Article: Heather Couthaud
Images: STARS air ambulance
Read more about STARS in Rotor Magazine 118
Greg Barton has been a paramedic for 27 years, 18 of them with STARS, a non-profit air ambulance service headquartered in Calgary, Canada. Rotor asked him what he most enjoys about his job, and the challenges of being a flight paramedic.
Greg Barton has just arrived for the start of his 12-hour shift as a flight paramedic at STARS. He prepares for his day by completing a crew safety briefing with the pilots and other crew members on for the shift. Next, aircraft equipment is checked to ensure it is ready for the next mission that may come in.
Following equipment checks and while waiting for a mission, Barton completes ongoing continuing education and training to ensure he’s current with a wide variety of equipment and procedures that he needs to know. He is describing what it takes to become a flight paramedic, treating critically injured or ill patients. “Most people in the paramedics profession have the ability not to become nauseated, since we’re trained to work in a ground ambulance. It’s a different environment in a helicopter, where there are so many planes of movement,” he says.
Factor in working under stress in extremes of temperature (cold and heat) with a patient under duress, and your next dispatch coming through on the satellite phone.
Hard work, big rewards
It’s not a predictable job but that’s part of what makes it interesting. “You never know what you’re going to experience from day to day. The variety comes from the uncertainty of what we deal with and the environments we work in. In Calgary, we could be at 30 degrees Celsius and have to fly into the mountains and end up at a high altitude where it’s zero degrees. Also, we’re working under a running helicopter, so one of the challenges is the exposure to the elements, not to mention the patient’s exposure – trying to keep them warm in a time critical circumstance, where cold is actually bad for them. The best part is being able to make a profound difference in the lives of so many people. Seeing those survivors validates the hard work we’ve put in and keeps us motivated.”
For the vast majority of missions, the two-person medical crew is activated through the Emergency Link Centre and, with the captain and co-pilot, are airborne within eight minutes. A swift routine follows: talking to the ground providers to get an update on the patient’s status, landing at the scene, getting a report handover from the EMS crew or helping if there’s an extrication. A paramedic may then spend up to half an hour at the scene performing critical care management of the patient before heading to the nearest trauma centre or hospital.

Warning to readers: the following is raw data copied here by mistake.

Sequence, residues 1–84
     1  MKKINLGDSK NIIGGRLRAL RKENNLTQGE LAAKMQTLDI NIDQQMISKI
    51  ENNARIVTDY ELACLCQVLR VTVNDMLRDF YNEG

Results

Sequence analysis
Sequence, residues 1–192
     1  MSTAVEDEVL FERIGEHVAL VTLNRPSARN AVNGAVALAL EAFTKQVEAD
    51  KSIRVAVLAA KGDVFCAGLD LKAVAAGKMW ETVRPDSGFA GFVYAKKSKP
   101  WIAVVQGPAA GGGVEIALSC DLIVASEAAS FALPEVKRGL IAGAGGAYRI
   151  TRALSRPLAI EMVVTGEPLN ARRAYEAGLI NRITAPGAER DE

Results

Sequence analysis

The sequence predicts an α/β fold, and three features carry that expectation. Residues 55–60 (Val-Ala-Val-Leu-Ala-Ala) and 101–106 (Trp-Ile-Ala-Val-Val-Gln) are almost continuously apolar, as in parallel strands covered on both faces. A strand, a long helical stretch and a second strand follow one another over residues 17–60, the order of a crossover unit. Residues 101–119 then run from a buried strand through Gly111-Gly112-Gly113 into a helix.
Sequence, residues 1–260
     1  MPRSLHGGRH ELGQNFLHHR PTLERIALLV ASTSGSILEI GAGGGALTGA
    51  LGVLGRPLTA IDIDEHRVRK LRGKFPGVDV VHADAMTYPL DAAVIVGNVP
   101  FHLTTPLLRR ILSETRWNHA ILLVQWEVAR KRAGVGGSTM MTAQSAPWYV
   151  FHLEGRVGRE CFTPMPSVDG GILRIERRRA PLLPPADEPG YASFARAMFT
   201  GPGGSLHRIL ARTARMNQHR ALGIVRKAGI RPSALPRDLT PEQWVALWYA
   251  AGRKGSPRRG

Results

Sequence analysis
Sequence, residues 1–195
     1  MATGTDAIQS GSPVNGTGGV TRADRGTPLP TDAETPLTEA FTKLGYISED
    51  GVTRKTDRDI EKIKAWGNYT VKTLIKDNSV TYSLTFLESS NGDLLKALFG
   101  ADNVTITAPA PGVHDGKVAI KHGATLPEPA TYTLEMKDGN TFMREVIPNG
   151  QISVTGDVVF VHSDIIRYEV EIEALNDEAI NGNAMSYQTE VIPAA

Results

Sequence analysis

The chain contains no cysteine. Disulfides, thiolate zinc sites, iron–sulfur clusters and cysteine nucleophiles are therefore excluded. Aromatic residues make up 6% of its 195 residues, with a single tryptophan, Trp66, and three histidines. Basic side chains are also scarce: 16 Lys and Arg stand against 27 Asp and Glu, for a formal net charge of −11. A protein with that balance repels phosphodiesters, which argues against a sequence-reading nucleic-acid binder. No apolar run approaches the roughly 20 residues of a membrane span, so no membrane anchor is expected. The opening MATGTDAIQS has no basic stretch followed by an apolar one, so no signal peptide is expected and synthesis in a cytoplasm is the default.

Airborne intensive care
STARS paramedics are qualified on procedures absent from ground ambulances. The H145 is equipped with a ventilator, as well as two units of O-negative blood. Barton and his colleagues are trained to send an ultrasound diagnosis to the trauma centre, for instance. These aren’t just frills; the scene of an accident could be several hundred kilometres from help and three hours’ journey by ground ambulance. The STARS helicopter is in essence an intensive care unit.
Which brings Barton back to the helicopter’s challenges. “Paramedics need to work in low light conditions – albeit our new H145s are exceptionally well lit – and under focused pressure. We train for that, so we notice all aspects of what’s going on in the back of a helicopter.”
That’s one reason he is able to appreciate the organisation’s new fleet. “The H145 is an incredible platform to work on. The ability of our crews to provide care is significantly improved. And the heater’s fantastic! It may seem like a small thing, but we work in the cold, and it’s an improvement for patient comfort,” Barton adds.